"Choosing a business entity is like looking into the crystal ball of your company's future," says Chip Wry, a member of Waltham, Massachusetts-based law firm Morse Barnes-Brown Pendleton. Before you can move toward that future, you have to know the basics. We offer a primer, compiled with the help of Wry and other attorneys who have collectively brought thousands of companies through the process. Consult legal and financial experts before making any final choice--there are exceptions and caveats to every rule here.
First, here are a few definitions
Sole Proprietor: Default option for many founders, as the owner and the business are one. Owner bears full legal liability in a lawsuit.
LLC: A hybrid vehicle, an LLC shields the owner from some business liability, but all tax burdens (or losses) flow to the owner. Not subject to separate corporate tax.
Launched as LLCs:Snap (started as Future Freshmen LLC); Smartypants Vitamins
S corp: Created by Congress in 1958, S Corps combine aspects of a partnership and a corporation. Owners enjoy many legal protections but generally face all tax burdens (or losses). IRS rules allow only one class of stock and a maximum of 100 shareholders, all of whom must be U.S. citizens or domestic trusts or estates.
Converted to S corps: McIlhenny Company; CoorsTek; Ferrellgas
C corp: These entities create maximum separation between businesses and owners. Subject to corporate tax, they're the ideal vehicle for outside investors.
Launched as C corps: Zipcar; Twilio
B corp: Not a legal entity, but a third-party certification that shows your company prioritizes its social mission.
Famous B corps: Warby Parker; Etsy; Patagonia
Now, here's how to decide which entity is right for you
Do you think you'll get sued?
Yes: LLC, S corp, or C corp
Each offers your personal assets a level of protection from legal action arising from your business activities.
No: Sole proprietor
You're fully liable.
Do you expect to operate at a loss for the first few years?
Yes: LLC or S corp
You and other owners might be able to use losses from the business to offset other income on personal taxes.
No: C corp
Any losses, or profits, stay within the corporate entity.
Will you invest profits back ın the biz?
Yes: C corp
Profits are taxed only at the corporate level, currently up to 35 percent, unless they are distributed, in which case shareholders face additional tax on their dividends.
No: LLC or S corp
These are called pass-through entities. Absent major policy changes, profits are taxed at the individual owner level as ordinary income, up to a 39.6 percent tax rate. You'll be hit with that tax whether or not any money gets distributed to you personally.
Do you have any non-U.S.-based owners?
Yes: LLC or C corp
Foreign-based owners are not allowed to hold stock in an S corp, nor are partnerships or other entities.
No: LLC, C corp, or S corp
If all owners are U.S.-based, any structure could be appropriate.
Will you crowdfund/raise outside investor money right away?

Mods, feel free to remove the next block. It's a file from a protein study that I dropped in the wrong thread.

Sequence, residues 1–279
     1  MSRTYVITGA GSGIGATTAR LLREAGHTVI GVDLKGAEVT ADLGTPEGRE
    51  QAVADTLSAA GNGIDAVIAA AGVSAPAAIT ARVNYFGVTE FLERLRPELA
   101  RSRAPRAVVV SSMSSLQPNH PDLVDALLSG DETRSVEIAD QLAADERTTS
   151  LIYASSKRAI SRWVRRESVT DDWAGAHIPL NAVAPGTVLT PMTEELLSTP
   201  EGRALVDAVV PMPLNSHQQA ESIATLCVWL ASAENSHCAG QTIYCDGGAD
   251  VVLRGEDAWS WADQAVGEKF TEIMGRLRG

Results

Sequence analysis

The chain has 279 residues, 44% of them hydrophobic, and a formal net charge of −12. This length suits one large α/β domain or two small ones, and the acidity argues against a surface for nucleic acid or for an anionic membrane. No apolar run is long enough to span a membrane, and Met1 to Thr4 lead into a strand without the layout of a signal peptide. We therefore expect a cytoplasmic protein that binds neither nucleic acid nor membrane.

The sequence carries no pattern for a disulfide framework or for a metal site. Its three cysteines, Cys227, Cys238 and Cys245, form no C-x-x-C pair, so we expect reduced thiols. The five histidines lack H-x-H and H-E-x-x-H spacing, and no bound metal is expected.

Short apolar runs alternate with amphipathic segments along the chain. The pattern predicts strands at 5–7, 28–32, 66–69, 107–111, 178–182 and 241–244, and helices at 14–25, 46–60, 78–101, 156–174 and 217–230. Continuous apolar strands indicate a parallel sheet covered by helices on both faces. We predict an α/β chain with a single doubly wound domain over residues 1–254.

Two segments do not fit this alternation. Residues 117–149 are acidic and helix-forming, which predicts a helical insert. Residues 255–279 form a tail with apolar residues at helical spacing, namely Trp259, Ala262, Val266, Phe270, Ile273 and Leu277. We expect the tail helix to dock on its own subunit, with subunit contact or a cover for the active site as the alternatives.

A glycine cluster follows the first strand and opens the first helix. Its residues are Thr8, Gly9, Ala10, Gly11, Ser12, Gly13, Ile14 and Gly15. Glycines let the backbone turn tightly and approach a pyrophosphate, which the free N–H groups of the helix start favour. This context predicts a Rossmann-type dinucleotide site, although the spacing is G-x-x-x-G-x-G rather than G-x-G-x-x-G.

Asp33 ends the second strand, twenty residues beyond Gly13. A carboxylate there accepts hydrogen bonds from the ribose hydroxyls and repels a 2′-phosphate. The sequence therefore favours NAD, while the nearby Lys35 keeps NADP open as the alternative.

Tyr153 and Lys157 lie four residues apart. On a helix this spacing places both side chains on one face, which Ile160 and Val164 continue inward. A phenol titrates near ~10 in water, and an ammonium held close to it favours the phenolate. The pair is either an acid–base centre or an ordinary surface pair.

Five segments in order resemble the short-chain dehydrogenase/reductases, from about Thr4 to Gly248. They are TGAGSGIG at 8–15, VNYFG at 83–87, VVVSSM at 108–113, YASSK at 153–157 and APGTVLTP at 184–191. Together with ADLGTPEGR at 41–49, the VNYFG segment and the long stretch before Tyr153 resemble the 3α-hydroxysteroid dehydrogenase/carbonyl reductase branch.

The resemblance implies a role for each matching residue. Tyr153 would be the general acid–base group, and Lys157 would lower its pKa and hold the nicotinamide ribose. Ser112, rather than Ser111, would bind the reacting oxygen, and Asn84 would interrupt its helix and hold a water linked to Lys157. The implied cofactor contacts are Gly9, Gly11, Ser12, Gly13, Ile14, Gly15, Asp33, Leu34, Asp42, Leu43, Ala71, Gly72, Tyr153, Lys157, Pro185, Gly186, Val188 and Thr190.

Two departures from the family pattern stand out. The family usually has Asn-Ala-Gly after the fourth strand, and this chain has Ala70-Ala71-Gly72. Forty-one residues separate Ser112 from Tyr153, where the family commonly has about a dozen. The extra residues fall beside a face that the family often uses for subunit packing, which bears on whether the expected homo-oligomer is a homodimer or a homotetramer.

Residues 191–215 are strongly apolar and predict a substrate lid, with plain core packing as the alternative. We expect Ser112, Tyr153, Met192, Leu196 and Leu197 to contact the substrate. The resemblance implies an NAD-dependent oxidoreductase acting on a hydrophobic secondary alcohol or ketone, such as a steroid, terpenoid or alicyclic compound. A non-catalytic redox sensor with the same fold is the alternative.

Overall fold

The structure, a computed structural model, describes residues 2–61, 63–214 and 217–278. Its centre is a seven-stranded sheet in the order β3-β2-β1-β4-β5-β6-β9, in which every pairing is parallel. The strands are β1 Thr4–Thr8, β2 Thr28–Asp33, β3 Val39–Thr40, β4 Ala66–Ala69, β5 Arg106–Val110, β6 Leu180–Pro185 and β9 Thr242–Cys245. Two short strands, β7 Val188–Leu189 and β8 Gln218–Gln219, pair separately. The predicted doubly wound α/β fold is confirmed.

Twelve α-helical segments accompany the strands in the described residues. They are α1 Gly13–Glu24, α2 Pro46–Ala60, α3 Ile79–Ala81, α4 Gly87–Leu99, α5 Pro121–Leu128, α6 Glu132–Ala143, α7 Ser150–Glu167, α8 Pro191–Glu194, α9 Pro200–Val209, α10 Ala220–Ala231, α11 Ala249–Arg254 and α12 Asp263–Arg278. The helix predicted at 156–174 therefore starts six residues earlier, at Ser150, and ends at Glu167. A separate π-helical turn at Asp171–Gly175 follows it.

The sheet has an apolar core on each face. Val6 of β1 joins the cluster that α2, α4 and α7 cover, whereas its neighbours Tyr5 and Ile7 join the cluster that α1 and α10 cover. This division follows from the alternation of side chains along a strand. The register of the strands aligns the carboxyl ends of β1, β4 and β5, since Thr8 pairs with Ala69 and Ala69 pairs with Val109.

Yes: C corp
Professional investors will insist on a C corp, which permits different classes of common and preferred stock.
No: C corp, S corp, or LLC
Bootstrapping, even with friends and family investment, leaves you the full range of structural options.
Are you planning to issue equity awards to employees?
Yes: C corp
This structure means that no corporate profits will pass through to owners or other types of investors, including employee equity holders.
No: S corp and LLC
Equity equals ownership, so employees' tax situations could be complicated by their receiving equity from a pass-through entity like an S corp or LLC.
Will you wait at least five years to sell or go public?
Yes: C corp
Certain C corps can issue qualified small-business stock, the shareholders of which face no taxes on gains up to $10 million, or 10x the basis, whichever is greater, if it's held for five years or more. Not all industries get this tax treatment; service and finance companies are generally excluded.
No: S corp
This will give you more flexibility in the structure of the sale as an asset or stock purchase. Unlike an LLC, it can also be acquired for stock tax-free.
Are you committed to a social mission?
Yes: Consider B corp
This is an outside certification. By applying to become a B corp early in your company's life, you are signaling your commitment to corporate social responsibility from the get-go. This can win you exclusive access to certain types of talent and investors. It does, however, require ongoing fees for maintenance of the certification. Also consider becoming a public benefit corporation, available in roughly 30 states. You should have a base of S corp or C corp. This certification requires directors to consider public benefit as well as shareholder value in executing fiduciary duty.
Any of the traditional options will suffice.
If you're committed to a social mission, have you been operating for at least 12 months and do you have money for annual fees?
Yes: Keep going with B corp
Fees range from $500 to $50,000, depending on annual revenue.
Stand down. You're not quite ready for a B corp certification yet.
Do you find this decision entirely too taxing already?
You can easily convert to C or S corp; but if you go the other way, you could incur a large tax burden, as you may be required to liquidate assets.
Bear in mind you will face ongoing legal and accounting costs in S and C corps.
Sources: Wry; Babak (Bo) Yaghmaie of Cooley in New York City; Joe Wallin of Carney Badley Spellman in Seattle; Charley Moore, former Silicon Valley startup lawyer and founder and CEO of Rocket Lawyer.